With that being said, we’re already seeing cases where compromised MikroTik routers are being used for proxy services of other botnets. A report was recently published by Wordfence detailing a botnet consisting of 20,000 WordPress sites, and in that case, the four command-and-control servers routed all their traffic through MikroTik routers via a “proxy-for-hire” service out of Russia.
MikroTik users need to ensure they’re running the latest version of RouterOS, which is patched against this vulnerability. I urge anyone using version 6.42 or older to apply the update ASAP.
TP: Hadoop YARN interfaces saw a bit of targeting this year, with an eye to infiltrating enterprise machines. What’s the significance of this targeting of enterprise attack surfaces?
Mursch: Our honeypots have seen a high volume of incoming traffic testing for remote execution on Hadoop YARN ResourceManager endpoints. YARN, which stands for Yet Another Resource Negotiator, is a core component of the Apache Hadoop data processing framework and is often found in large enterprise networks or cloud computing environments.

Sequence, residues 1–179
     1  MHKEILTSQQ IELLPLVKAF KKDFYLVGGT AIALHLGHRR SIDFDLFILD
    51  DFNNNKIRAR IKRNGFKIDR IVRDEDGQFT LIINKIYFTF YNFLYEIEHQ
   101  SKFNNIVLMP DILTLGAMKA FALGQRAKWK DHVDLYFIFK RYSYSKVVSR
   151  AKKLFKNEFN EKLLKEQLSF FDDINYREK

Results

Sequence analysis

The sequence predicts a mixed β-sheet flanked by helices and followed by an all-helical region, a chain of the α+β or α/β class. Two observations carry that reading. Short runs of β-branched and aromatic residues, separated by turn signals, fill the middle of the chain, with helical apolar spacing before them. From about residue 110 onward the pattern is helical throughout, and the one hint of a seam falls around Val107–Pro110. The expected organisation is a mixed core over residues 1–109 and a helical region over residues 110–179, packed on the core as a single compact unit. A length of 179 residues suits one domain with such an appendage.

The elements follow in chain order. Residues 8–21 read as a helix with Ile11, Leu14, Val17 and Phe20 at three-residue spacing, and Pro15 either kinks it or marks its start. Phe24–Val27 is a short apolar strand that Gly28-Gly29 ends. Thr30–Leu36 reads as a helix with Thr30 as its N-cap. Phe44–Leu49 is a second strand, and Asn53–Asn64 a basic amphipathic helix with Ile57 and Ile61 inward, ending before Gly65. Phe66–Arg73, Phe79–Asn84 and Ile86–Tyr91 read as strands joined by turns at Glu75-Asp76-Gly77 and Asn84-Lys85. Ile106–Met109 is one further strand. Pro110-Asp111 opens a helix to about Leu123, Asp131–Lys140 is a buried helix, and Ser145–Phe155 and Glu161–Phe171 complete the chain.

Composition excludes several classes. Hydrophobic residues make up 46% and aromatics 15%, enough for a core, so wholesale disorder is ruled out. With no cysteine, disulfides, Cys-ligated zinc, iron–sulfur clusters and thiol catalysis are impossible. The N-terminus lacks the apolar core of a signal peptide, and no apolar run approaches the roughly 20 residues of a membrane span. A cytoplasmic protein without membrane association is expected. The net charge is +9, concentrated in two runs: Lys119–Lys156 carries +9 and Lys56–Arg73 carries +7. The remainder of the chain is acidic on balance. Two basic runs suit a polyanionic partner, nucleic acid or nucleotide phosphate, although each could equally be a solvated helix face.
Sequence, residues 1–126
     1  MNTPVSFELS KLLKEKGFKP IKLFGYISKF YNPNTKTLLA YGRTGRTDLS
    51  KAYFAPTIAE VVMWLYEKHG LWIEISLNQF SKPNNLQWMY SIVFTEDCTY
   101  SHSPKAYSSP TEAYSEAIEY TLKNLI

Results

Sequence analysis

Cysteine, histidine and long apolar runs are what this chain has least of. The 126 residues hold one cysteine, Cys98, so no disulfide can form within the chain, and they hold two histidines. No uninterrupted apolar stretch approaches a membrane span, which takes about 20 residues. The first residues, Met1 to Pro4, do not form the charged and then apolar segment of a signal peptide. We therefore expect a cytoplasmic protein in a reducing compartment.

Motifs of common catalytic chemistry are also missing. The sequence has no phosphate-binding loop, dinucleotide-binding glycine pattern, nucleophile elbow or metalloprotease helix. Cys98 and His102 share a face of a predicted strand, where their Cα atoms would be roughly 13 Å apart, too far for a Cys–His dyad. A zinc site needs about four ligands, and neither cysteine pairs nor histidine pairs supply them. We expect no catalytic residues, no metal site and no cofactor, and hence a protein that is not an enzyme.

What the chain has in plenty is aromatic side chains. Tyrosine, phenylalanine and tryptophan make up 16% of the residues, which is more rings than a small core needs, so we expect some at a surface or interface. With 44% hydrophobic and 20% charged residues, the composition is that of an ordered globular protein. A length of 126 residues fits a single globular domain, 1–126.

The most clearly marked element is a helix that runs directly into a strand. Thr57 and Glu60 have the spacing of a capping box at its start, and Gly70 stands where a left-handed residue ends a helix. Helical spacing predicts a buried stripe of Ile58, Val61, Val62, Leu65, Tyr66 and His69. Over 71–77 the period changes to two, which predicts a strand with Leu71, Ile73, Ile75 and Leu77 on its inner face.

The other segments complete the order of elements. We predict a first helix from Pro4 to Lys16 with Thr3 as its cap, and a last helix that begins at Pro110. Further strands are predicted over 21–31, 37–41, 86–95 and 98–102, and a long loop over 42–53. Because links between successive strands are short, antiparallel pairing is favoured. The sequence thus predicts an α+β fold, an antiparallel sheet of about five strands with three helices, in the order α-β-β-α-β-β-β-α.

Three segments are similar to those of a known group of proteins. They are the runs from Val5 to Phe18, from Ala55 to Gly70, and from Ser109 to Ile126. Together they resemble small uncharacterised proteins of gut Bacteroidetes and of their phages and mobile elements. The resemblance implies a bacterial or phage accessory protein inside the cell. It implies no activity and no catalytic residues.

To note, this is not a vulnerability in the YARN API, but rather a service (endpoint) that should NOT be exposed to the internet. This is a scenario we see time and time again. It’s very easy for anyone to find improperly exposed devices on search engines such as Censys or Shodan.
Other researchers who have dubbed this botnet “DemonBot” have found the compromised hosts are used for DDoS attacks, which is interesting because in this particular case the Hadoop servers (clusters) have lots of computing power that could be used to mine cryptocurrency instead. However, the price for virtual currency has dropped so low it’s probably not enticing given the current market value.
TP: When we think about botnets, we usually think of Mirai-like activity, with IoT devices being enslaved to carry out DDoS. Or, large-scale spamming. But what are some of the other activities that we’ve seen large botnets carrying out?
Mursch: There was a recent campaign, largely in Brazil, where miscreants would compromise routers and change DNS settings. In turn, any time a user went to visit a website, such as their bank, the traffic would be maliciously redirected (via DNS) to a phishing site instead.
This type of attack is transparent to the user as everything appears to be working correctly from their perspective — that is until their credentials are stolen.
Unlike the MikroTik case, this is a pretty diverse botnet in terms of the types of devices affected with over 70 different types of routers impacted and a total of 100,000 devices impacted.
TP: What new trends are you seeing impacting the botnet landscape?